The CeBIT tech conference got underway Monday in Hanover, Germany, and of course Sophos is there. The big news so far comes from keynote speeches from German Chancellor Angela Merkel and UK Prime Minister David Cameron, who announced a new partnership between the two countries in the hopes of leading the next tech revolution in Europe.
Cameron talked about the future of near-instant media downloads from the 5G Internet, and announced new funding for research projects on the Internet of Things — the huge assortment of connected devices in our increasingly data-driven world.
More: Internet of Things
The Internet of Things (IoT) is a general description of the “smart” technology we use every day. The types of smart devices we use now includes cars, refrigerators, electricity meters, and anything else that we want to get more data about. At CeBIT, Volkswagen Chairman Martin Winterkorn told audiences that the company has more smart sensors than any other car company.
The Internet of Things means we have to consider security as part of everyday life, whenever we use and create data. Sophos CTO Gerhard Eschelbeck explained it nicely in his foreword to the 2014 Security Threat Report:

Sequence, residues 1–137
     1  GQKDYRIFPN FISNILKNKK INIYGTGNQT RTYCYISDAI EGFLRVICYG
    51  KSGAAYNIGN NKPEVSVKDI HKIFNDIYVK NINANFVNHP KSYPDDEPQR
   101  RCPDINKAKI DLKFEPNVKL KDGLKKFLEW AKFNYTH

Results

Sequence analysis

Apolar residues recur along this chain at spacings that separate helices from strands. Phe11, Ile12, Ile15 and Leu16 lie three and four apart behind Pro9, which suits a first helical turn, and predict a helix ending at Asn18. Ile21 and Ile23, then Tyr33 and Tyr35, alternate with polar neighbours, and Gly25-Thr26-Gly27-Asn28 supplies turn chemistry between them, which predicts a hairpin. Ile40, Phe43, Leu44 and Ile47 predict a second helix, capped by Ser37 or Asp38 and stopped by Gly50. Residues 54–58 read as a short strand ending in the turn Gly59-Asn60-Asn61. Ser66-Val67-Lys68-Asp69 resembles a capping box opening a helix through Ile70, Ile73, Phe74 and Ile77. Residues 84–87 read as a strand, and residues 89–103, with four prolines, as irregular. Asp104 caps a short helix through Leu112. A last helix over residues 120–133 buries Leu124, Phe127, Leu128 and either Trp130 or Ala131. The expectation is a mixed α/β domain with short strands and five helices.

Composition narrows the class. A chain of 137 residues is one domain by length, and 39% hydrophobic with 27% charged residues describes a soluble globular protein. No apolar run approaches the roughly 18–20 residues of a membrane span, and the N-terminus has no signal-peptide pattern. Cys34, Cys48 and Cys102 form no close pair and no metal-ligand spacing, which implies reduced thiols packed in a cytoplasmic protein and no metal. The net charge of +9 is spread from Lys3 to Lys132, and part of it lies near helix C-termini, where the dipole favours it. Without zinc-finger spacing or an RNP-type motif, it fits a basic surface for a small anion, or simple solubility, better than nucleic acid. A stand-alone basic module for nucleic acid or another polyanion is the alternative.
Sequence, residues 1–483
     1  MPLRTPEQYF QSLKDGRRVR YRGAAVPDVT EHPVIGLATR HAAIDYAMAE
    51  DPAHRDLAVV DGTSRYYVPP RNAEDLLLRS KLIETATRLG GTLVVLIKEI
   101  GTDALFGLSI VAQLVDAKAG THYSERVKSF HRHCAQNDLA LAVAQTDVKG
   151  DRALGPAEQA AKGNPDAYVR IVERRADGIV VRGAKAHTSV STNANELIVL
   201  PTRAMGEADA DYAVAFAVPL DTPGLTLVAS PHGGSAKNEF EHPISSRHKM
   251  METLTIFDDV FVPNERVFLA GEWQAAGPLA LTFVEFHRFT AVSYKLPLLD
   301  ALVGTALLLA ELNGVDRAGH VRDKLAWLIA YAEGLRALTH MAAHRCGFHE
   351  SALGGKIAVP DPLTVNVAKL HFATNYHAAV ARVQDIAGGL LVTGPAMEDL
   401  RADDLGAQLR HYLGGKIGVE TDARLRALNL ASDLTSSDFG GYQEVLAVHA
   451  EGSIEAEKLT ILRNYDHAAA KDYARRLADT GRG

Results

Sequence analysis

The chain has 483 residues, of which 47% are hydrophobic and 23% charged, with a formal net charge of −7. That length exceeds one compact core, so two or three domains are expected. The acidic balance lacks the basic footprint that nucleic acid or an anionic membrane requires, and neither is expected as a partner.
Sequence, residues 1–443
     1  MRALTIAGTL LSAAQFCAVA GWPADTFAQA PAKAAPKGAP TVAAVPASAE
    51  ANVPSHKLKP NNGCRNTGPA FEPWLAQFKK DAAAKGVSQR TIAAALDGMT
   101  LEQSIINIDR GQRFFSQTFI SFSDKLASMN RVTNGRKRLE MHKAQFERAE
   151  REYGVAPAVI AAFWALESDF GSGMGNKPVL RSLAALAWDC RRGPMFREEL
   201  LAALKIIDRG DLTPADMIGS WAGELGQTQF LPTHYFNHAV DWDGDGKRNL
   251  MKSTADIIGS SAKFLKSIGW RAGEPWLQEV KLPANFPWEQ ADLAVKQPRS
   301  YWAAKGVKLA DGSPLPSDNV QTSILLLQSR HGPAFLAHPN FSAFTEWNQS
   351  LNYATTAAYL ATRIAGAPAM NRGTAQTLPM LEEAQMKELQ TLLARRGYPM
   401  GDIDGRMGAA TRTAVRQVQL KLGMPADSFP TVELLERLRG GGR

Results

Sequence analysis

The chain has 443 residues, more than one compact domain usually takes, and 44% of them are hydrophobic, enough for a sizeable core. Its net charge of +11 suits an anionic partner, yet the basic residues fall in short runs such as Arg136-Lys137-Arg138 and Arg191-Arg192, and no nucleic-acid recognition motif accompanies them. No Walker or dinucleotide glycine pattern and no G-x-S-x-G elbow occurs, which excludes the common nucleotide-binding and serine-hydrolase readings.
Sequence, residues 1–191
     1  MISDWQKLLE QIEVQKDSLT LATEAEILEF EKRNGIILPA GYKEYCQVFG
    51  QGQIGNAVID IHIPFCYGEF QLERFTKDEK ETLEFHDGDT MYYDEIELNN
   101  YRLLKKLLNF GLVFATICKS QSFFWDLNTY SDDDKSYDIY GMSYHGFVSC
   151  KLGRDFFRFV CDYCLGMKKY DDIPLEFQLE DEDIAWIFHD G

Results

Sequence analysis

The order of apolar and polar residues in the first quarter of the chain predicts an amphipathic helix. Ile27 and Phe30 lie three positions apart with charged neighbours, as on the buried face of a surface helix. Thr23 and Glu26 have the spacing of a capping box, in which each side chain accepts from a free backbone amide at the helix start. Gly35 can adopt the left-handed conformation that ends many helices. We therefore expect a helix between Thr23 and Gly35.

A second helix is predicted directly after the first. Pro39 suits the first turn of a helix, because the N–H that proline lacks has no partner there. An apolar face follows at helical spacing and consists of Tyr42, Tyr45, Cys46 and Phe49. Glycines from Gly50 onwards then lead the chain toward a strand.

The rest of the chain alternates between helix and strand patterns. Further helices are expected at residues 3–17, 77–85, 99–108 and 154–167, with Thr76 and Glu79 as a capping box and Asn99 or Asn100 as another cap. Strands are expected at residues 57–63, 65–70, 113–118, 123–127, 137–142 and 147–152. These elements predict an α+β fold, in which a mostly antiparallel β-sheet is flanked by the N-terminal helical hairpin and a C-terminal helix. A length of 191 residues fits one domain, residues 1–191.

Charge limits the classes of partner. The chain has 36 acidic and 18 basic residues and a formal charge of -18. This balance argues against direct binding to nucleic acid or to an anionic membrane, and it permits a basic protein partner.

Security is no longer a “nice to have,” but a must-have. As we fly in airplanes, draw cash from a nearby ATM, or rely on a steady supply of electricity and water, we can no longer assume the security of these systems. In the not-too-distant future, such systems could yield attacks that have a very personal impact on each of us.
For those wishing to harm us, embedded devices in our homes, offices and even cities present new attack targets. Our experts from SophosLabs write in this year’s Threat Report that, “While we don’t expect attacks against the Internet of Things to become widespread in 2014, we do predict an increase in reported vulnerabilities and proof-of-concept exploits.”
World of Warbiking
James Lyne, global head of security research at Sophos, is in Germany this week, continuing his warbiking tour of major cities around the world. James kicked off the tour at RSA in San Francisco — his mission is to find out “how our hunger to be online at all times is leaving millions of people and companies vulnerable to hackers and spies.”
Check out a video of James’s warbiking project at sophos.com/warbiking.